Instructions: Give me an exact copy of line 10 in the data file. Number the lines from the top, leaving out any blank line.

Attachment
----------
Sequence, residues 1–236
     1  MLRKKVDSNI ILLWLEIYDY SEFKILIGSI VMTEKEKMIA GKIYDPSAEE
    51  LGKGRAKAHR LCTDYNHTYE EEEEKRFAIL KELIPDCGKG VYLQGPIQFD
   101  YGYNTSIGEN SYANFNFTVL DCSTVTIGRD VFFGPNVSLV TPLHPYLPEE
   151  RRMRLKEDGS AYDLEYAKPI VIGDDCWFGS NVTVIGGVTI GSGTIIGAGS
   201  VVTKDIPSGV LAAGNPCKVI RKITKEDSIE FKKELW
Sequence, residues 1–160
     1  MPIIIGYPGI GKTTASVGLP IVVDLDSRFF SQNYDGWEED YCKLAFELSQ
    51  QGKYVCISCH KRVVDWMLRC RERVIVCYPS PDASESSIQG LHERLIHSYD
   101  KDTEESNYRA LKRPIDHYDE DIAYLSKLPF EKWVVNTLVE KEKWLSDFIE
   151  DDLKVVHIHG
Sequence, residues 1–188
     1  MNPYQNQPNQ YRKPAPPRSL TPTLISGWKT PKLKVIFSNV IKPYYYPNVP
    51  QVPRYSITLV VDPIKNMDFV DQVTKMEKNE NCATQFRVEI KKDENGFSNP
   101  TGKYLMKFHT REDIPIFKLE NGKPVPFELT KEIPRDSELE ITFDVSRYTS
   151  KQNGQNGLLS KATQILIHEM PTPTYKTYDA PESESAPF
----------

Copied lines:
   101  KDTEESNYRA LKRPIDHYDE DIAYLSKLPF EKWVVNTLVE KEKWLSDFIE